We here continue Dave Thomas’s guest blog on the impact of business language on the nature of the church. Very significant stuff (Jon Paulien).
The second primary factor in organizational change has to do with what we call infrastructure. The kinds of infrastructure a church organization develops as it ages become major factors in determining what the future for an organization will be. It is not hard to figure out why and how infrastructure develops. As a movement catches on in the mind of the public, it grows. Early growth is often quite rapid with volunteers and informal conversation being the primary purveyors of mission. We downplay the power of informal communication far too much. It is one of the most effective means of communication available to humans. What we hear informally almost always trumps official word. This is one reason conspiracies and urban legends become so prevalent and powerful and resilient.
At some point, the movement becomes too large for the early, charismatic leaders to manage by themselves and the need to create some kind of structure becomes obvious and urgent. Those who are acquainted with Adventist history no doubt know of the great struggles the Adventist pioneers went through on this issue. Many strident speeches were made to the effect that any kind of organization would constitute “Babylon.” But something as simple as the ownership of property made resistance futile. The path to organization is easy to trace – the prosecution of mission requires vision which is broken down into strategy which is reduced to plans that get embedded in policy which then creates organizational structure and practice. And organizational practice pursued over time creates organizational culture and identity. By this process, organizations stabilize themselves, become predictable and efficient, and gain the real prospect of a successful future.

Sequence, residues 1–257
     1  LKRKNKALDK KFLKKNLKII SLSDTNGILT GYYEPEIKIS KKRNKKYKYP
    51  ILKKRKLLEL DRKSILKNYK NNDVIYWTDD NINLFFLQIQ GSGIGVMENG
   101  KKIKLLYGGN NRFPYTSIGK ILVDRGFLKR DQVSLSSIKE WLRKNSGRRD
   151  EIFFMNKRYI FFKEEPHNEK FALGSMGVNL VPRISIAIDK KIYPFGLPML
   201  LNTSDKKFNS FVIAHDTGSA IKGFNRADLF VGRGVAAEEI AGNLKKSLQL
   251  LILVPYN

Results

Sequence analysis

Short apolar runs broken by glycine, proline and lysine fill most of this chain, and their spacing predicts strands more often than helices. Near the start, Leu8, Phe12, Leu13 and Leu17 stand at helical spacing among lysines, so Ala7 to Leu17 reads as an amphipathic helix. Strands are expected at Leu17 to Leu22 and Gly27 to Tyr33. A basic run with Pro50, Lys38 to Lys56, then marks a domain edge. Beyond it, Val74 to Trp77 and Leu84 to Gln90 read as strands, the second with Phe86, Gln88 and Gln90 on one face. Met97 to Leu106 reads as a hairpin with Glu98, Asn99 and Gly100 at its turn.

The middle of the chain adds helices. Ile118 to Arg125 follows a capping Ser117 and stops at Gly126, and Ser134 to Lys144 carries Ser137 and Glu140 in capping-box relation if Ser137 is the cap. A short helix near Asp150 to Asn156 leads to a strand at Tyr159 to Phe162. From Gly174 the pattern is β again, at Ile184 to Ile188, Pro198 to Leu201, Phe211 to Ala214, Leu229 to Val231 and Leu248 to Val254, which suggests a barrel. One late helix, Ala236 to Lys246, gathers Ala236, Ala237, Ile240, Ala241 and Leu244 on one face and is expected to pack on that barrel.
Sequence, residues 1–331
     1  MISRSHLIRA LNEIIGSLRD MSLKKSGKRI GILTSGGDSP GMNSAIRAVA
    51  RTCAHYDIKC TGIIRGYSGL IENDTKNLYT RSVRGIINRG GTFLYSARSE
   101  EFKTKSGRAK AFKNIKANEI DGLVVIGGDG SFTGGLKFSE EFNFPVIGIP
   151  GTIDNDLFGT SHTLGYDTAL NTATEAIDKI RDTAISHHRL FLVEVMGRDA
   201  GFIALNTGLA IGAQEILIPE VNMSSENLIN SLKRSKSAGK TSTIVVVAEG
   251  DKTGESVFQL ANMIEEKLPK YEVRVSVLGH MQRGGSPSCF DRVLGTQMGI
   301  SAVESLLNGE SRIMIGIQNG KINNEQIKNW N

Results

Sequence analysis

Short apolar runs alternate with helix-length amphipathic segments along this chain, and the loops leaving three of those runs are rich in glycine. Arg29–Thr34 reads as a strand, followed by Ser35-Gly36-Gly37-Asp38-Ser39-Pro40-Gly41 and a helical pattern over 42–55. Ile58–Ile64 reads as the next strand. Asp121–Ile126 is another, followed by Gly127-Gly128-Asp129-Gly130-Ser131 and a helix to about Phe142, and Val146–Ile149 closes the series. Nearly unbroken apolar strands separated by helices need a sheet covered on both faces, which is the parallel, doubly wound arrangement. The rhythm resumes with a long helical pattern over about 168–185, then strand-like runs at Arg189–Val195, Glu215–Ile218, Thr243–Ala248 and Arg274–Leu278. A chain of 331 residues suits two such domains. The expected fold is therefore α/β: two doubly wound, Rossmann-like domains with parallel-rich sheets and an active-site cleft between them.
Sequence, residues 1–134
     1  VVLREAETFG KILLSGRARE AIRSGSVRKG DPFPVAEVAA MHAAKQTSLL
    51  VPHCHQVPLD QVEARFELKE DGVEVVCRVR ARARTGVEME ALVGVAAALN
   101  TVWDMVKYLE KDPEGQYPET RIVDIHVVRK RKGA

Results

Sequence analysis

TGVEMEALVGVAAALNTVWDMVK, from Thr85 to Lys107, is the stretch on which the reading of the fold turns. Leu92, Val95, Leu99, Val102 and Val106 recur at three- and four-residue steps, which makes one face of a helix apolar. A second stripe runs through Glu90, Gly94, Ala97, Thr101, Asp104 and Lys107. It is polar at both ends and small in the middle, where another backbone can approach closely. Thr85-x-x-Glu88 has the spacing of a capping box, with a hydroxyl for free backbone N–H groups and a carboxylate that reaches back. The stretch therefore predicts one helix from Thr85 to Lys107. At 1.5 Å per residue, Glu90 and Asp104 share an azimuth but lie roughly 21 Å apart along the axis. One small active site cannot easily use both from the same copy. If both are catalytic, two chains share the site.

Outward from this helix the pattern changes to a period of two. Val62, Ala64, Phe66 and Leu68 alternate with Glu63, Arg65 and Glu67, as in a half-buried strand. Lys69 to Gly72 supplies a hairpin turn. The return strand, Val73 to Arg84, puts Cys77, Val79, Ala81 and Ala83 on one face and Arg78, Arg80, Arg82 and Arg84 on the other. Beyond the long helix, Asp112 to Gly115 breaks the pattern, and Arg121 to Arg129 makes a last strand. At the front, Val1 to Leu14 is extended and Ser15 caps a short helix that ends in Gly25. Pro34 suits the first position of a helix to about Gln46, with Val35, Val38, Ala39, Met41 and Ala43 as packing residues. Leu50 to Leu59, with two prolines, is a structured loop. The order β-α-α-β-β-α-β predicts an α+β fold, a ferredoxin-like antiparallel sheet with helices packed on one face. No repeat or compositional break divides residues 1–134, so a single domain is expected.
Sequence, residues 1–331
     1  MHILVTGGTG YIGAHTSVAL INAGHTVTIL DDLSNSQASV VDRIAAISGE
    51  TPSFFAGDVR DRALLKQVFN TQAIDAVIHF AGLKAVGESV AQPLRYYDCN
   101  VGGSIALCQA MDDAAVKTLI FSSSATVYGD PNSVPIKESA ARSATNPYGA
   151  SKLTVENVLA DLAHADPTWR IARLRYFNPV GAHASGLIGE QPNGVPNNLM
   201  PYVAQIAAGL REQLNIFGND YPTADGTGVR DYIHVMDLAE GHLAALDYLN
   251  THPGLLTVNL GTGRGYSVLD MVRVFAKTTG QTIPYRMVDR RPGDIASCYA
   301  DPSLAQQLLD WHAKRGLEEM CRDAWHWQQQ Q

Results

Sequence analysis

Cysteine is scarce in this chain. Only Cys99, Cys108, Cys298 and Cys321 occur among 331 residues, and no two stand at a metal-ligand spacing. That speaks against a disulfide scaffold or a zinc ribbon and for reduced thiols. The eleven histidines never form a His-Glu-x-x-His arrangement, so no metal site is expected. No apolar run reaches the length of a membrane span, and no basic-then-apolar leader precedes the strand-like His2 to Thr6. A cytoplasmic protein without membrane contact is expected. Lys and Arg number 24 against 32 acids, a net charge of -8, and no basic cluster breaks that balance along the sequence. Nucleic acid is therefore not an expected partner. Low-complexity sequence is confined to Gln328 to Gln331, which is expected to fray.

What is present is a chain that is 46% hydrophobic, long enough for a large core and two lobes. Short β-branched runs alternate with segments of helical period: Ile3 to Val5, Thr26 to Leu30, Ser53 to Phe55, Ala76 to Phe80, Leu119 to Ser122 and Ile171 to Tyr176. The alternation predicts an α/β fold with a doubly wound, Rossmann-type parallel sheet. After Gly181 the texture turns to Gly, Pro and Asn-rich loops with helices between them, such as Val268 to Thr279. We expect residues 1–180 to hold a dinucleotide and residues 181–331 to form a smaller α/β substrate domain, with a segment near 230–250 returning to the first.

In the midst of all the exciting growth that makes the creation of structure necessary, something happens that goes largely unnoticed. Just as surely as the creation of infrastructure brings stability, it also initiates what theorists call “organizational entropy,” the technical name for the process that brings on the aging, disordering and sometimes death of a movement or organization. Speaking of infrastructure, theorist Jeffrey Saltzman says, “The purpose of these rules is to allow the organization to make decisions using standard operating procedures as a guideline and hence remove from the organization the need to think about the decisions being made.” (http://jeffreysaltzman.wordpress. com/2009/11/19/organization-entropy-2/) But, “removing the need to think about some decisions (this is what infrastructure does) carries with it an inherent risk, the risk of mediocrity or worse, the risk of extinction.” What is being alluded to here is that the early stages of organization are usually very beneficial to mission, producing benefits out of proportion to the resources invested. But in later stages of organizational life, infrastructure itself becomes problematic.
To be continued. . .